It must be a written Washington rule that announcements that are embarrassing to the government or federal institutions must only be released after the end of business on Friday. In this particular case, the news was publicized on Saturday.
What at first appeared to be a case against the Captain and his men, changed into one of “unlawful command interference.” A pretrial hearing was scheduled and Captain Clement’s defense attorney was about to call Marine Commandant, General. James F. Amos, to submit and explain his comments in e-mails to subordinates and the prosecution concerning Captain Clement and the charges.
Defense attorneys for Capt. James V. Clement had won a judge’s order, over objections from Marine prosecutors, for two staff attorneys to testify in open court about how senior commanders interfered in the case to get a guilty verdict.
“The withdrawal of the charges was another act of cowardice by the commandant, his counsel and the Judge Advocate Division of [Marine Corps headquarters] to cover up the worst case of unlawful command influence in the history of the Marine Corps, which was beginning next Wednesday to be uncovered in a hearing before the chief judge … on several motions to compel discovery,” Mr. Dowd said Saturday.
The defense attorney said he wanted to see email traffic among the commandant, his counsel and his legal division.
“That email traffic would have revealed that [the commandant] and his lawyers had engaged in a secret, corrupt effort to rig and control the investigations and dispositions of the so-called desecration cases until Capt. Clement refused to submit to a corrupt process [of being] charged with crimes he did not commit,” Mr. Dowd said.
Capt. Clement’s defense counsel obtained a sworn statement from Lt. Gen. Thomas D. Waldhauser who, as convening authority, was overseeing all cases in the urination incident. The general told of a one-on-one meeting in 2012 with Gen. Amos in which the commandant said he wanted Marine defendants “crushed” via courts-martial. — The Washington Times.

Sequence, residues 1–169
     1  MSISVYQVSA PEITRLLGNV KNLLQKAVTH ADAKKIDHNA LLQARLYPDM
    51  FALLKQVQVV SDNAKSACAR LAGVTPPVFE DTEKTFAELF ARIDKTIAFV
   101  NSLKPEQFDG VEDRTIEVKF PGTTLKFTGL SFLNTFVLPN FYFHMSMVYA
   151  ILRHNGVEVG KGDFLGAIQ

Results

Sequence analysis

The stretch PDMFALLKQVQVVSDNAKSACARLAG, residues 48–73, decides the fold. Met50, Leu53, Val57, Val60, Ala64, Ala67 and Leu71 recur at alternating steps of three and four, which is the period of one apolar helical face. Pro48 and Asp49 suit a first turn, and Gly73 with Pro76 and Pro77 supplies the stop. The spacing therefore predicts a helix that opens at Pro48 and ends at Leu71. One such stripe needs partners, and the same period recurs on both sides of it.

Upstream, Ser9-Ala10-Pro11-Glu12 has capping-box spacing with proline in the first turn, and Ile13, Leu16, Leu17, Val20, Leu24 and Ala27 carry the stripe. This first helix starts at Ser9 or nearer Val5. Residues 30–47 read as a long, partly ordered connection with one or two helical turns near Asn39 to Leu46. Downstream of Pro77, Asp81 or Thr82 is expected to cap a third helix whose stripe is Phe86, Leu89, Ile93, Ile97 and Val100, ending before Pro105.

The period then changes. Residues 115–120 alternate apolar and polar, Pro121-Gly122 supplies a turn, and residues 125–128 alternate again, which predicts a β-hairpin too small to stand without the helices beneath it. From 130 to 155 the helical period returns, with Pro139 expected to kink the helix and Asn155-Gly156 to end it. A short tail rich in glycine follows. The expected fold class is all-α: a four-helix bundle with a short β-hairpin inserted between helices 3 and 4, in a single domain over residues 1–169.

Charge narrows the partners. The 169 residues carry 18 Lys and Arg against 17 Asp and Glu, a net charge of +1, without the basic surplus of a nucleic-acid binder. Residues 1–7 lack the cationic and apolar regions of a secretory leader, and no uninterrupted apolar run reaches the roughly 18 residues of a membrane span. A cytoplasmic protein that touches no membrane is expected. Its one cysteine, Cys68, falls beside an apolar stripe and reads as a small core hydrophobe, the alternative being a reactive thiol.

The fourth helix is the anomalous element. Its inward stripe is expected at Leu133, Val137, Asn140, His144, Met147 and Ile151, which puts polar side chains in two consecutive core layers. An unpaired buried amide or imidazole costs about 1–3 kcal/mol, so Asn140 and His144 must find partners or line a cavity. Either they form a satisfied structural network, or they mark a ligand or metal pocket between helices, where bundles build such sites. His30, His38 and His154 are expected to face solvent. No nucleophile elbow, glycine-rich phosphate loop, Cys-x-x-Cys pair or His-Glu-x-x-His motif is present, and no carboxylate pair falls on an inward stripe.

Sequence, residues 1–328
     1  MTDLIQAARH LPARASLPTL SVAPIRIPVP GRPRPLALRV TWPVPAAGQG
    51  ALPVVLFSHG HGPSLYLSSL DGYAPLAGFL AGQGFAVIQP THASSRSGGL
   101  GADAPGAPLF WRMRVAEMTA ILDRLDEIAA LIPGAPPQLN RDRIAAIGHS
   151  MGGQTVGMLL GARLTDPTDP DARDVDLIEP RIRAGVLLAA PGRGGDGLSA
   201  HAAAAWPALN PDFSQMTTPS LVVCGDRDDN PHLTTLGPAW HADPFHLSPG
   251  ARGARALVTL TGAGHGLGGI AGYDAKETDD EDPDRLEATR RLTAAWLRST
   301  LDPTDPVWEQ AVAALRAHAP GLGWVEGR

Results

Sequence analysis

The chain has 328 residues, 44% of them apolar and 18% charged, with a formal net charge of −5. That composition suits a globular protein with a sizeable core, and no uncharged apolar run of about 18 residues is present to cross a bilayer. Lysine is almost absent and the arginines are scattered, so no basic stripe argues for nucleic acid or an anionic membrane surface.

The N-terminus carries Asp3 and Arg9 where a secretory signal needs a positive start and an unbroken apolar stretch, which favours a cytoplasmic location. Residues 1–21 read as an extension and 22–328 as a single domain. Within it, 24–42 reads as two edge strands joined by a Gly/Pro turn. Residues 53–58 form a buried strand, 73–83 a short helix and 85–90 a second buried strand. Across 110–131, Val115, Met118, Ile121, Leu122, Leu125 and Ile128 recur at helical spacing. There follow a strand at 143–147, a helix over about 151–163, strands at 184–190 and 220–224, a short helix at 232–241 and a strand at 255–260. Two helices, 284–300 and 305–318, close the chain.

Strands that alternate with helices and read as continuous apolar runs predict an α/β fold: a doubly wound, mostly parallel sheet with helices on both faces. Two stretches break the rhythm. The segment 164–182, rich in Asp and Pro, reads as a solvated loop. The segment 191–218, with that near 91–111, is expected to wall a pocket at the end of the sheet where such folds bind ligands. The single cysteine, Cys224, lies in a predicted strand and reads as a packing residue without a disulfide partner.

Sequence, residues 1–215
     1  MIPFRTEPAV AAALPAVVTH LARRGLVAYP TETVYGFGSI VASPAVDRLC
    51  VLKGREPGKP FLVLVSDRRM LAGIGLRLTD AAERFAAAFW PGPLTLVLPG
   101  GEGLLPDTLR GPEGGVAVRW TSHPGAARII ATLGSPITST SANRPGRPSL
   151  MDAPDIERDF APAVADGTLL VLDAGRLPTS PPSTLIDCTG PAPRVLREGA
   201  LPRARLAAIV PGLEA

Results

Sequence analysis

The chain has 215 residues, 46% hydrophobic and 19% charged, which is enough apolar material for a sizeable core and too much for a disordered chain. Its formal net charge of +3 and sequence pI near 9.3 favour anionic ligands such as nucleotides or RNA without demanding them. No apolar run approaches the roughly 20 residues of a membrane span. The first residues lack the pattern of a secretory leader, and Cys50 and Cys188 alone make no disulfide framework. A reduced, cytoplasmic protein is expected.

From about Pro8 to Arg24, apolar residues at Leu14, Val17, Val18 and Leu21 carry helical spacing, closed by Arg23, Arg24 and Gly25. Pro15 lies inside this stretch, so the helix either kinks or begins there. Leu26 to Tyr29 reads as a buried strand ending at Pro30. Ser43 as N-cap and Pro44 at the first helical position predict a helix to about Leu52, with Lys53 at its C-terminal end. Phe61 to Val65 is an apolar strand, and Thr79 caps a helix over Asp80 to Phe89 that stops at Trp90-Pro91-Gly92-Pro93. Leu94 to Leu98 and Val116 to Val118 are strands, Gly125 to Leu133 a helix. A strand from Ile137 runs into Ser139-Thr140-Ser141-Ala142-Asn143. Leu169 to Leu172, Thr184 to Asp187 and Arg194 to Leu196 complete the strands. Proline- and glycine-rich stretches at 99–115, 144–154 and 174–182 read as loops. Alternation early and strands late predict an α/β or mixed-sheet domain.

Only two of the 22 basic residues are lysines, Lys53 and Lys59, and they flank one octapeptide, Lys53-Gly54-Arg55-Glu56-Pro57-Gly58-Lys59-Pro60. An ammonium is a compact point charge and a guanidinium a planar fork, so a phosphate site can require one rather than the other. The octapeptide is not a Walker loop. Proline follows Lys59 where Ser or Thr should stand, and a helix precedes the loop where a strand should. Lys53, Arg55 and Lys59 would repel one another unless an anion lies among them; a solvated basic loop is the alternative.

Dropping the charges, however, does not end the story. Captain Clements defense attorneys have filed charges against General Amos with the Pentagon Inspector General.
Citing that conversation, Capt. Clement’s attorneys accused the commandant of blatant unlawful command influence that denied their client a fair court-martial.
They filed a motion to dismiss the charges, thus setting up a series of public pretrial hearings on Gen. Amos’ conduct scheduled to begin Wednesday.
A video of the act went viral on YouTube last year, drawing harsh criticism from the White House. The captain denies any misconduct.
Maj. James Weirick, a staff attorney at Quantico who was to testify Wednesday, filed a complaint with the Pentagon inspector general over Gen. Amos’ actions. An investigation is underway. — The Washington Times.
Over the past few years, especially since the beginning of the Obama administration, the top layers of our military have been selected not for their ability to lead, fight and win wars, but to support the administration’s liberal political agenda. This trend has tainted the military. Company and Field-grade officers are leaving in droves taking with them a military heritage leading back to the formation of our country.
This is not an isolated case, it just became public and blew up in the Marine Commandant’s face. Instead of “crushing” Captain Clements, General Amos will now have to answer charges of his own misconduct.
In a just world, General Amos would immediately resign along with the others involved in his unlawful orders. But, it is not a just world and I expect General Amos to follow the lead of Obama, Holder and the examples of other followers of Obama’s corrupt administration.
General Amos future is still to be determined. He may, like so many others who blindly followed Obama, find himself thrown “under the bus.” Or, like Holder, Neapolitano and others, simply refuse to acknowledge his acts and to cooperate with the investigation. In the end, it damages the faith of the nation with its military leaders.
Captain Clement was not, however, exonerated. He will now undergo an administrative board of inquiry to determine if he committed any misconduct. That board could also determine whether Captain Clements will be retain in the Corps or “separated under less-than-honorable conditions.”
General Amos, if events go against him, will likely be allowed to retire with full benefits.